Fanning the Flames of Hate

2015-06-15 17:46

Xenophobia is a useful distraction

Joseph Nye, speaking recently in Oxford, remarked that the Chinese Government’s sabre-rattling over the South China Sea was a smokescreen. He argued that the emphasis on issues of ethnicity and race was being used as a deliberate attempt to draw attention away from the country’s sluggish economic performance.

Nye’s thesis is not new. Several commentators have argued that this is the raison d’etre for ‘otherising’.

Nobel Laureate Toni Morrison summarised this best when she said ‘‘the very serious function of racism is distraction. It keeps you from doing your work. It keeps you explaining, over and over again.’’

These observations are astute. Even in rejecting racism, we may fall into the trap of empowering racists. Otherising creates a logic of deficiency. It gives the aggressor primacy and forces the victim to explain themselves within a continuum relative to a fake standard of superiority. It is all consuming. And, it is designed to undermine.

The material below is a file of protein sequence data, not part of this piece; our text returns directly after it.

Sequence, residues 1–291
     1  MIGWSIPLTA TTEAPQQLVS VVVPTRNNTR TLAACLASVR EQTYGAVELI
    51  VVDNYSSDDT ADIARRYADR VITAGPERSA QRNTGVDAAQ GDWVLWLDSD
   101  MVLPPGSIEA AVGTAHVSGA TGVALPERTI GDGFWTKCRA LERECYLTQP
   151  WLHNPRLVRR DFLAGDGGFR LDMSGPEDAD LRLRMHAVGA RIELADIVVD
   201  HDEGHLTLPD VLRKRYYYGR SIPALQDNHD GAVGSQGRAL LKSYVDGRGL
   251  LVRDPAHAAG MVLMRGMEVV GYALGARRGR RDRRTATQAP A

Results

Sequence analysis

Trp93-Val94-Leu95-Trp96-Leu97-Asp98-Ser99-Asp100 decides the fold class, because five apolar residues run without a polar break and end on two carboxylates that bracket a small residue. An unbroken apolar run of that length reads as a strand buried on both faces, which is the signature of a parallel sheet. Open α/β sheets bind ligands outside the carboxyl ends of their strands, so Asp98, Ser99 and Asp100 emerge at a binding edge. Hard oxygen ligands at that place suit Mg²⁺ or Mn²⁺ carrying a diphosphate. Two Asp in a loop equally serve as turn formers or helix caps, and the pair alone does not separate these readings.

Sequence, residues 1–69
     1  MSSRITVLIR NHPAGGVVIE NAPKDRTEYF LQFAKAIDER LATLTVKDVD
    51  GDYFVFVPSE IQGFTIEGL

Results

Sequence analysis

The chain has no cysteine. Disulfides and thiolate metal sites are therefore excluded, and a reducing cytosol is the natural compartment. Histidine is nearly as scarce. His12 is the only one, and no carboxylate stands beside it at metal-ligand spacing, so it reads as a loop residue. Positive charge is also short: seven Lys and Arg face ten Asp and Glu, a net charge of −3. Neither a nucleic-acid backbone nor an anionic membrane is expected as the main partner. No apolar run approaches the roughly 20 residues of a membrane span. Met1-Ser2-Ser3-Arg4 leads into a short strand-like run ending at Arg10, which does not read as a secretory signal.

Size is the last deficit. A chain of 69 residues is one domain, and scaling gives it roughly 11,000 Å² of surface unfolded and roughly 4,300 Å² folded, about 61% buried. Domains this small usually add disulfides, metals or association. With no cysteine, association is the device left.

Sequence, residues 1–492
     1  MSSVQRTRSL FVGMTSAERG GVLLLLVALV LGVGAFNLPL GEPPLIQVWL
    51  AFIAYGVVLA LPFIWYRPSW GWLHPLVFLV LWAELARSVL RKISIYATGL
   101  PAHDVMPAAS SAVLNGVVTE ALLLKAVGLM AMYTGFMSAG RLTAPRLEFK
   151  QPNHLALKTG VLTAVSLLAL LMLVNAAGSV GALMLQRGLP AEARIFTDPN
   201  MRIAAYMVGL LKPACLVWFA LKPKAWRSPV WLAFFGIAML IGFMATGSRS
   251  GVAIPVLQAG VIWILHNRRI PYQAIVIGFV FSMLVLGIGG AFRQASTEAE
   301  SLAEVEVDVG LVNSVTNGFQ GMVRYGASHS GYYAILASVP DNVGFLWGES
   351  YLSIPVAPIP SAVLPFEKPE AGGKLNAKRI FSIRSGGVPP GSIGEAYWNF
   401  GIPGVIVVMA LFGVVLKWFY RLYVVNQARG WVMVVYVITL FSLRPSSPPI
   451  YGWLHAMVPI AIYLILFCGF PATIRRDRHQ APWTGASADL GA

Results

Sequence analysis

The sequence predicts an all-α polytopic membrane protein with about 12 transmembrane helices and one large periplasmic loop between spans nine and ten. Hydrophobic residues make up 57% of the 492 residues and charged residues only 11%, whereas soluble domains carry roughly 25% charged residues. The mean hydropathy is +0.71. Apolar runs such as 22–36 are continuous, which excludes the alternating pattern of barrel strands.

Xenophobic violence and the ‘Rhodes Must Fall’ movement come to mind. They are both important. They allow the kind of introspection, and healing, a hurt society like South Africa needs. But they are costly: they distract us from addressing other questions which, if answered, could better achieve their stated aims.

Serious debate over government’s economic policy, for example, is subject to less scrutiny than social issues. This may be because social problems are easier to address and can have immediate impact. Or, it can be because they are more attractive.

But, a universal truth for South Africa is that our social problems are symptomatic of the rotten and racialised economy upon which it is built.

This is not to criticise what has been started. We need to do both.

There is silent party in the room. One that escapes accountability by deflecting attention when it fans ethno-nationalistic flames. Our government has a role to play in making economic progress possible. Too often, it fails and distracts us by setting our tempers ablaze. We are hoodwinked by its façade of victimhood at the expense of our own.

The rise of increasing ethnic and racial tension in South Africa is not accidental. It may not even be as a result of what is said, but when silence is maintained. As things get worse, this will be all to common. And we should be careful that we are not being distracted, and allowing the flames of hate to engulf us.

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